Not many books open the lid on the internal workings of Japanese companies in quite the way that John Nathan's Sony: The Private Life does. Nathan is professor of Japanese culture at the University of California, and was afforded exceptional access to Sony's senior management. In the course of writing it, and with the company's blessing, he interviewed freely across Sony's top management in Japan and the United States; sadly the strokes in 1992 and 1993 that affected both of Sony's founders prevented him obtaining first-hand accounts from Masaru Ibuka and Akio Morita. It is
written as a biography of the company and its personalities; there is not much analysis here of the business context or even business strategy of Sony. Despite (or perhaps because of) this, it succeeds in being an indispensable book for all students of Japanese business and the electronics industry.
Sony, however, is not typical of Japanese electronic companies, let alone Japanese industry in general. It established a much-
envied reputation for innovation and design, and encapsulated the Japanese fixation with miniaturisation. Abroad, Sony became the best known of Japanese companies and the Sony brand climbed the heights of awareness to sit with Coca-Cola and Marlboro in world recognition. Ironically, however, many, if not most, Americans thought that Sony was an American company, which is in fact a tribute to the co-founder Morita's strategy in taking Sony to the United States as soon as possible. That the Sony brand remains associated with quality and innovation rather than with product failures (the Betamax video recorder is the most well known but not the only one) and a disastrous venture into Hollywood (the acquisition of Columbia Pictures) is one of the puzzles that this remarkable book helps to solve.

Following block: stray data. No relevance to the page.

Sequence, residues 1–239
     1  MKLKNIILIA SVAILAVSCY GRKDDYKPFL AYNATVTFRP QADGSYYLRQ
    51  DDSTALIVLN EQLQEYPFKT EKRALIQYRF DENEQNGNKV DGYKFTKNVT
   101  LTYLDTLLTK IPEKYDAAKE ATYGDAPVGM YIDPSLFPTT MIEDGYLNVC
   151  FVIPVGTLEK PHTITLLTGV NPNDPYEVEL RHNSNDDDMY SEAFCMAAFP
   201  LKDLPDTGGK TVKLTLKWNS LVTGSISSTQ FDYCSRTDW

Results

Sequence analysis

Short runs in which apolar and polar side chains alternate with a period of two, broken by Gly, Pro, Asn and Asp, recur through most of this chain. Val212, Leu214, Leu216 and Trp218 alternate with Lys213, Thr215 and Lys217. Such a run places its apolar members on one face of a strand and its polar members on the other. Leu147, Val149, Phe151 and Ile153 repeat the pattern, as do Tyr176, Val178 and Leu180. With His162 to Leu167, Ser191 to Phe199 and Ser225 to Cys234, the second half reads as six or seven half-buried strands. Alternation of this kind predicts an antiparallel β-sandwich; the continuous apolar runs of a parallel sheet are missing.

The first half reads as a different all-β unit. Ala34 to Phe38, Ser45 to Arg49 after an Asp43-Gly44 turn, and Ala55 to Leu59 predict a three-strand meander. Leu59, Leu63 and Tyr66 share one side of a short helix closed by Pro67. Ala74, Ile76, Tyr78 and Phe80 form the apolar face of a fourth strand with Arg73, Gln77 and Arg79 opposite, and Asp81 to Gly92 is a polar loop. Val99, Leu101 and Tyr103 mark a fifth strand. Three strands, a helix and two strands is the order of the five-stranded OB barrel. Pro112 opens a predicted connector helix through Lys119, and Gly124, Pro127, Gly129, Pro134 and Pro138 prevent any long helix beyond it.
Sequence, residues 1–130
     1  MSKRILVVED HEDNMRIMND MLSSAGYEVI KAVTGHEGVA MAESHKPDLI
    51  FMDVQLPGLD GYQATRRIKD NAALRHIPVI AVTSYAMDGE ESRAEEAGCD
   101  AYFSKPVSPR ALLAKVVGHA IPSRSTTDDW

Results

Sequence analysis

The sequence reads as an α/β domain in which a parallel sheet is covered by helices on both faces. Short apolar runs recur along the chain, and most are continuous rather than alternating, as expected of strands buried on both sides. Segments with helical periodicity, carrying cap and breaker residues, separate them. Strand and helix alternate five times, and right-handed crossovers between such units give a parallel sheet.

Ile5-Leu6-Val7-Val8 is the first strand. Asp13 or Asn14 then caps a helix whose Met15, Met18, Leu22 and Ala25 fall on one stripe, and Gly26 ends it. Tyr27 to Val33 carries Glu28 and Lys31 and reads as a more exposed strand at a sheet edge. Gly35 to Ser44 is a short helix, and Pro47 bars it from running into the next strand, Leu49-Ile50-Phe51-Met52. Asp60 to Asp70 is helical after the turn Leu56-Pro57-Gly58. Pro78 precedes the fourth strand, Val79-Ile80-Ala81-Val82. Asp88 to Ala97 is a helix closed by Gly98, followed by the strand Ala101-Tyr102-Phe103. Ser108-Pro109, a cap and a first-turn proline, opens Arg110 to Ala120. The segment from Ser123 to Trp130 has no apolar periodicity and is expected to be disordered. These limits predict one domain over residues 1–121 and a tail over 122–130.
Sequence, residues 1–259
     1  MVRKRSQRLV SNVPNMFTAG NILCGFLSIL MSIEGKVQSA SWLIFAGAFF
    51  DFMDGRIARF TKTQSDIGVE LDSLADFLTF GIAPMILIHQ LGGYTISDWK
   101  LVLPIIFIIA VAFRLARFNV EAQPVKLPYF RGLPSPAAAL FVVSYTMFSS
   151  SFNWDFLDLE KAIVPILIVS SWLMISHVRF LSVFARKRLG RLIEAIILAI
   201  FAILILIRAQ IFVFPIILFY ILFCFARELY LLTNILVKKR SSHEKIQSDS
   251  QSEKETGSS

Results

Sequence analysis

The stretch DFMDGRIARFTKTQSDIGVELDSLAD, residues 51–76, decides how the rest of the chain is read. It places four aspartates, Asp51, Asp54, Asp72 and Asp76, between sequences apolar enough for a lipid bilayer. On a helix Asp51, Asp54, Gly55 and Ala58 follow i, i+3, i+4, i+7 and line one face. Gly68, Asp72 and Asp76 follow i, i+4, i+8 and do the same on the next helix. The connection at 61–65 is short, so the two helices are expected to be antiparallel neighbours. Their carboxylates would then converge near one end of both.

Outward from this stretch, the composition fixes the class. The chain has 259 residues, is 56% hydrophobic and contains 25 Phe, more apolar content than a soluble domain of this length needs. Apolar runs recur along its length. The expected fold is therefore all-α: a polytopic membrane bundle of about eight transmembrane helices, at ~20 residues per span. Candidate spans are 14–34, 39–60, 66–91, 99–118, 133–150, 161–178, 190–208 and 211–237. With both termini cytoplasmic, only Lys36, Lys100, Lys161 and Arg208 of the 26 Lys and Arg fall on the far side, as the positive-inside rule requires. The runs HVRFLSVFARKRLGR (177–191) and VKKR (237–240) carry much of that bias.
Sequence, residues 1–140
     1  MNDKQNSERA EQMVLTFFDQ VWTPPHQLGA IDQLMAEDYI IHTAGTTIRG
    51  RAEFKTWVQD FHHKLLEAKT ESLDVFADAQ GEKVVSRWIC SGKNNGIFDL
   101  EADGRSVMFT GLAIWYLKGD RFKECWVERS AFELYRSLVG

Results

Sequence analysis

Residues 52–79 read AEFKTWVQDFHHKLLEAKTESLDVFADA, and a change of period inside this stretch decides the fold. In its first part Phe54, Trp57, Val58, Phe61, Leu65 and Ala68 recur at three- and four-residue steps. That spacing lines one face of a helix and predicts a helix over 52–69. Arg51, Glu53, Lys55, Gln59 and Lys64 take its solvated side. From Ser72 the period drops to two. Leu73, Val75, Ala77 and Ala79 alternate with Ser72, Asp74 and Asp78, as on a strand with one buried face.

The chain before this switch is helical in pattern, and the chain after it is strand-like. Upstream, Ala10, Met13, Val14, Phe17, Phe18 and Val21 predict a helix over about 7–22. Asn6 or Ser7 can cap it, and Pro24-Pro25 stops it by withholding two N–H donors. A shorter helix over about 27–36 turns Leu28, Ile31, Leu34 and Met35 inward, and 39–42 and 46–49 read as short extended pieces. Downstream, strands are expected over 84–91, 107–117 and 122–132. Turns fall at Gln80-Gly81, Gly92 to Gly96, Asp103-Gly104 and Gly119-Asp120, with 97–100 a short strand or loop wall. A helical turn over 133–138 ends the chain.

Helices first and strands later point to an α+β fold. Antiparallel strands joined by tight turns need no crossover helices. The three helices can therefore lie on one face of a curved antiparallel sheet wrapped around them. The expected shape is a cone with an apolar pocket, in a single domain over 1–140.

Much of the book is about the private life of Sony USA, and many of the key second-tier players are the managers appointed to present the face of Sony in the US. Little new, apart from fascinating detail, is revealed in the early part of the book, which deals with the well-known story of Sony's foundation in the ashes of postwar Tokyo by two brilliant engineers.Nathan's account follows Morita when he took the company to the US and then remains there to unfold the intriguing story of how Japanese engineering prowess fared when confronted with New York Jewish chutzpah.
Nearly all of the senior managers employed by Sony USA have been Jewish, something that Nathan explores in detail. First Adolph Gross, then Harvey Schein and later Mickey Schulhof and Walter Yetnikoff wielded extraordinary power within the Sony organisation, mainly not by virtue of formal position but because of their closeness to Morita. The book reveals Sony as a family business - almost a Jewish family business. Nathan points out that Morita's deep
and lasting friendship with Jewish men may be attributable to cultural similarities between the Japanese and Jewish people, in relation to family values and respect for learning.
It also reveals how much power Morita and later Norio Ohga exercised in Sony decision making. The personal role Morita played in creating the product that made Sony a household name - the Walkman - is revealed in detail, and it largely confirms the account given by Morita himself in his autobiographical Made in Japan .